It is clear that the hunger for economic growth and wealth pushes business and governments to ignore environmental impacts that are considered an inevitable byproduct of development. But this fails to account for the costs that will inevitably be borne when the damage must be cleaned up.
When architect Fernando Arias first arrived in Kumasi, Ghana last year, he saw unpaved roads, trash burning, garbage everywhere, and shoeless children running all around. He knew he needed to act on their behalf.
Mothers, carbon, trash, vanishing ice and “secret lives”: Watch a movie for Earth Day and learn.
Today Americans discard about 33.6 million tons of plastic each year, but only 6.5 percent of it is recycled and 7.7 percent is combusted in waste-to-energy facilities. What happens to all the rest of it?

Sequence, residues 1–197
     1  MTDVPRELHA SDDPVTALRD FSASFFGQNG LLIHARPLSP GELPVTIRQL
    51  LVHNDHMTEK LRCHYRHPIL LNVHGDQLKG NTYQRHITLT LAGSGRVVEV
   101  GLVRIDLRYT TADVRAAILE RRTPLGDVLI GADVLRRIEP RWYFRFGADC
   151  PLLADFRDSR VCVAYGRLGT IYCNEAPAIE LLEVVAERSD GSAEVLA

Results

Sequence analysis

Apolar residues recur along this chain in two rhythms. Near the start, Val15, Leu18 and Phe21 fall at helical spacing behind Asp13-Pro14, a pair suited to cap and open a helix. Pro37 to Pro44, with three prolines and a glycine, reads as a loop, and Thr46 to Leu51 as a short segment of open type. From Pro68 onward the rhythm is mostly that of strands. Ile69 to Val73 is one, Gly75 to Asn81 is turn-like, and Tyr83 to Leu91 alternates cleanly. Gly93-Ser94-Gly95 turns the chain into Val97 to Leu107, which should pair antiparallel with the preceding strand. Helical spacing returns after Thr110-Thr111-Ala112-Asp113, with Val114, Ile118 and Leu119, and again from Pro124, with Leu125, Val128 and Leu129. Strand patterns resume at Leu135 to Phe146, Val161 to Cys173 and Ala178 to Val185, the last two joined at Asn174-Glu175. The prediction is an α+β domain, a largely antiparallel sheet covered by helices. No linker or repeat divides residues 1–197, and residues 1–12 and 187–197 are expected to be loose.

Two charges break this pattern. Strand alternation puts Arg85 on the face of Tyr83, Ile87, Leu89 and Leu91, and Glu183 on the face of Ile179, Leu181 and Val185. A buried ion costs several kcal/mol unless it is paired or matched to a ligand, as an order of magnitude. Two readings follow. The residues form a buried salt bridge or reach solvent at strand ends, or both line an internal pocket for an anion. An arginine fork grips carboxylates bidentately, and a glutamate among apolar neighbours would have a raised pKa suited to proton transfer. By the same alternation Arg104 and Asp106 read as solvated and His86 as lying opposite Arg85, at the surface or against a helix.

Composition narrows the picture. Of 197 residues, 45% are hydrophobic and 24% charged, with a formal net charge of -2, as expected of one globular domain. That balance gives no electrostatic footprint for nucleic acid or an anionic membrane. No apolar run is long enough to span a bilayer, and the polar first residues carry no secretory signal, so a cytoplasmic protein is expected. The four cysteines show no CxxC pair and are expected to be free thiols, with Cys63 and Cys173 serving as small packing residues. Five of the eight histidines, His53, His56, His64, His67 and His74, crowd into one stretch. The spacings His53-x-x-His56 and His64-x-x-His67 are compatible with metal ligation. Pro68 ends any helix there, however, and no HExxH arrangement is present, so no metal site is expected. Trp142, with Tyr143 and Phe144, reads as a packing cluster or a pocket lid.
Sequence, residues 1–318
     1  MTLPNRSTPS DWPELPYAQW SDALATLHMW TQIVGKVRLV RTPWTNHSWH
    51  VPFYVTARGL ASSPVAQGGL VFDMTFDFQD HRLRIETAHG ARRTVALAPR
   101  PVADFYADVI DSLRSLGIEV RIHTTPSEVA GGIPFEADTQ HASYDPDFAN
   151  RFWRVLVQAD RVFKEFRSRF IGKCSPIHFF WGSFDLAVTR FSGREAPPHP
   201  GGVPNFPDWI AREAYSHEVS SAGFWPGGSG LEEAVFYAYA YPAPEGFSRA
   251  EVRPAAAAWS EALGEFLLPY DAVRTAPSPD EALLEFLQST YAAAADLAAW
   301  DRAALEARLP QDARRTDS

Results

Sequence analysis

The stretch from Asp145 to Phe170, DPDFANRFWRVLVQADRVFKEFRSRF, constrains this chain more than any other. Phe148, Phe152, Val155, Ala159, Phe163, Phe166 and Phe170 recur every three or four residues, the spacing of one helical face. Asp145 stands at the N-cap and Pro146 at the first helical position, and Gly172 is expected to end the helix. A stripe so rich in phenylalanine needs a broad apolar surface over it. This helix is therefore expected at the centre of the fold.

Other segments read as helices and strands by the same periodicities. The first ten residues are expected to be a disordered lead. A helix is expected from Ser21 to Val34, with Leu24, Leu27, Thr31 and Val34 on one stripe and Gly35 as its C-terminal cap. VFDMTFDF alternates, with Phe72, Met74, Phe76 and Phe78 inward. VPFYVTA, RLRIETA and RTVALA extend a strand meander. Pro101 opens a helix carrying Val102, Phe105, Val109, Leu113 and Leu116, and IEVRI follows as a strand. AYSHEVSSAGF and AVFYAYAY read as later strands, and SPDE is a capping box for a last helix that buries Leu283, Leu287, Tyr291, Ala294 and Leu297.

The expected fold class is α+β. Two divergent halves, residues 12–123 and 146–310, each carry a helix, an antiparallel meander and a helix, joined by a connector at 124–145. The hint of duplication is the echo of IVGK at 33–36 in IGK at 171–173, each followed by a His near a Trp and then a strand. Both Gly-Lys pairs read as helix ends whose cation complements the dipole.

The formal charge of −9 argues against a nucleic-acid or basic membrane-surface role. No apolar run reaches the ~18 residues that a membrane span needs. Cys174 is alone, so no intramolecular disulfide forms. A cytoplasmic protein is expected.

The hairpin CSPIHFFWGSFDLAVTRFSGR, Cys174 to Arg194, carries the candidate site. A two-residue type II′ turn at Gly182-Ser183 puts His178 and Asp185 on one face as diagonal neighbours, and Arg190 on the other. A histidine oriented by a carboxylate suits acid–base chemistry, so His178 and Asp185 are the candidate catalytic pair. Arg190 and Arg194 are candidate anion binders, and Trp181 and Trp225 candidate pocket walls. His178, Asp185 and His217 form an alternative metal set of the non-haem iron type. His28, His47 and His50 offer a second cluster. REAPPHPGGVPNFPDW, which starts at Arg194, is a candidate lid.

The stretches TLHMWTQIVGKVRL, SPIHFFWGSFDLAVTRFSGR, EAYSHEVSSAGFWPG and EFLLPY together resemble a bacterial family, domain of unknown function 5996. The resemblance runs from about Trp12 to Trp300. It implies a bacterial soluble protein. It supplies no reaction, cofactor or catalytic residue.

Waste not, Want not? The source of this proverb is unknown, but I’m going to hazard a guess and say it wasn’t your average (modern) American. I say this because your average American runs through 56 tons of trash a year – including 500 plastic cups and 650 pounds of paper. If we were to… read more